Weekly drum circle reverberates with participants

November 17, 2021 / by / 0 Comment

Dr. Tim Larkin (right) leads students and staff in a drum circle on Mondays on the Promenade.

Story by Lydia P. Robles
Photos by Ralph Freso
GCU News Bureau

Inspired by his “hippie days” joining drum circles at Grateful Dead and Phish concerts, Dr. Tim Larkin wanted to bring this inclusive environment to Grand Canyon University’s campus.

That drumming heard during the Monday noon hour is courtesy of Larkin and his fellow percussionists.

The drum circle is not meant to be serious. It’s just fun.

The music comes from the shaded area between the College of Humanities and Social Sciences and Student Advising Services buildings. For eight years, the CHSS professor has been hauling out a cart full of congas, maracas, drumsticks and bongos for students, faculty and staff who want to join in on the beat.

Larkin sees the drum circle as an opportunity for students to break away from classroom settings.

“There need to be spaces where students aren’t structured,” he said. “It’s a spontaneous dynamic of creating a community, enjoying each other and not having to be so structured.”

When it comes to stepping out of comfort zones and breaking down walls, Larkin gives drumming all the credit.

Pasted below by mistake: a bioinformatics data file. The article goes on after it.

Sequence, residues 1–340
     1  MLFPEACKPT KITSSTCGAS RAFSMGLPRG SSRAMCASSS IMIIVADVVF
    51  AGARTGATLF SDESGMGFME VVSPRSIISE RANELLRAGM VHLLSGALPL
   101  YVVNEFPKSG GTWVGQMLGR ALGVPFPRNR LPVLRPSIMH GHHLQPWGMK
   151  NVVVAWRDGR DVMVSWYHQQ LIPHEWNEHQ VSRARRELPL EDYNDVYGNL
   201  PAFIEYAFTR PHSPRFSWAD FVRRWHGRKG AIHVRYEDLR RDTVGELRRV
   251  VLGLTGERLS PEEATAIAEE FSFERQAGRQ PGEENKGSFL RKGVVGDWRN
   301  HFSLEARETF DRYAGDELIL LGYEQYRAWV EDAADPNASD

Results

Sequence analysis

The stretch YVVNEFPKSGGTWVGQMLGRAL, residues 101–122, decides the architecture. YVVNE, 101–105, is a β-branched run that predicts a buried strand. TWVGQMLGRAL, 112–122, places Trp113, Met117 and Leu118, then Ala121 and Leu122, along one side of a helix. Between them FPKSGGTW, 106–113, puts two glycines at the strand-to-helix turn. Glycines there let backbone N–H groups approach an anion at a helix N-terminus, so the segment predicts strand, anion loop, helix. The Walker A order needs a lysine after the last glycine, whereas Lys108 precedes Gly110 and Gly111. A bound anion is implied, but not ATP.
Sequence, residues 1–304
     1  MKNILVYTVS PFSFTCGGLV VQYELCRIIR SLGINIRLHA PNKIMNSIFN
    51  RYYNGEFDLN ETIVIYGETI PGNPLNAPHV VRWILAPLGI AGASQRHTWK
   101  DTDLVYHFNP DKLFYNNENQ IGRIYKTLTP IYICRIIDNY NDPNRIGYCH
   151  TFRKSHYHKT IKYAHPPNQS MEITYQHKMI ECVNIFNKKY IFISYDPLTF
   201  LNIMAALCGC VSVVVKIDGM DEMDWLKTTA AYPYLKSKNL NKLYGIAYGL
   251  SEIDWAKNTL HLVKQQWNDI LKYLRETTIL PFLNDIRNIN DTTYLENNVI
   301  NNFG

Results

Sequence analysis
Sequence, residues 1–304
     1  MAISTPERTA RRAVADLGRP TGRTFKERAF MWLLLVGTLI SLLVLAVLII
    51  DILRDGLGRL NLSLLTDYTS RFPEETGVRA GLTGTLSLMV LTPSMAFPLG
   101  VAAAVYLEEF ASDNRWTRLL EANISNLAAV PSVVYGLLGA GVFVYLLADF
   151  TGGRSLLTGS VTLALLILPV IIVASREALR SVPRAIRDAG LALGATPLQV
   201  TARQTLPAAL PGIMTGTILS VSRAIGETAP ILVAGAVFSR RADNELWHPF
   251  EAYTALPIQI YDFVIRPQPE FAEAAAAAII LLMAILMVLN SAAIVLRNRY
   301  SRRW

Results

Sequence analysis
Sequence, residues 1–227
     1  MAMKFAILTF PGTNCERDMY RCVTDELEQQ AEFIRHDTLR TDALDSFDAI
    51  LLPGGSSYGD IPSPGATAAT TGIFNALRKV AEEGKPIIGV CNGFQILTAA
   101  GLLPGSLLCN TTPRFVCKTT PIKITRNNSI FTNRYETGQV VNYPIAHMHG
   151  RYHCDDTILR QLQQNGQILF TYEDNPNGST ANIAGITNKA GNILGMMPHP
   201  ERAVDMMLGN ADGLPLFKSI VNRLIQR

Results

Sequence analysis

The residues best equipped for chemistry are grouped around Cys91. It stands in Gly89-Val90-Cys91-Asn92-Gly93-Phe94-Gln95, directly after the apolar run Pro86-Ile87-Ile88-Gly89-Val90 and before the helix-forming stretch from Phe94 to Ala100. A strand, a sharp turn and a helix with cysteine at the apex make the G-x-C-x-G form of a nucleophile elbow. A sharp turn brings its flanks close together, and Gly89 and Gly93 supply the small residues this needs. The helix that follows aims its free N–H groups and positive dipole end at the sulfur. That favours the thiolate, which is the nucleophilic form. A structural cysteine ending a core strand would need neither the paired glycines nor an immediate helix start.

“There are a couple things you have to overcome: your self- consciousness and opening yourself up to a process you don’t know where is going,” he said. “I think this process is refreshing for students.”

For forensic science student Grace Albright, the drum circle at GCU is a form of stress relief.

“I have a lot of stressful classes as a science major,” she said. “So being able to make music with people and getting outside my comfort zone is a fun experience.”

Anyone can join the drum circle. All they have to do is sit down and start banging the drum.

Other students seeking a break from the books also got involved with the jam session.

“We had a whole nursing cohort come out and play with us for a while and joked saying, ‘We will be back – we have an exam next week,’” Albright said.

It is not every day that people come across a circle of instruments and melody in the middle of campus. Those involved in the circle receive mixed reactions from passersby.

“We get people who hesitate to join, but all it takes is a ‘c’mon, we’ll show you how,’” Albright said. “Last week we got a good rhythm going, and a group of students danced around in the middle of the walkway for a couple minutes.”

People who have never touched a congo, maraca or musical instrument can find fun from the circle.

“You don’t need to worry about judgment from us because we’re here to show you what to do,” Albright said. “It doesn’t matter if you have a sense of rhythm or not. We’re all here to have a good time.”


Related content:

GCU Today: Q&A: Dr. Timothy Larkin, volunteer award winner

GCU Today: Colloquium kicks off with acclaim for McClean

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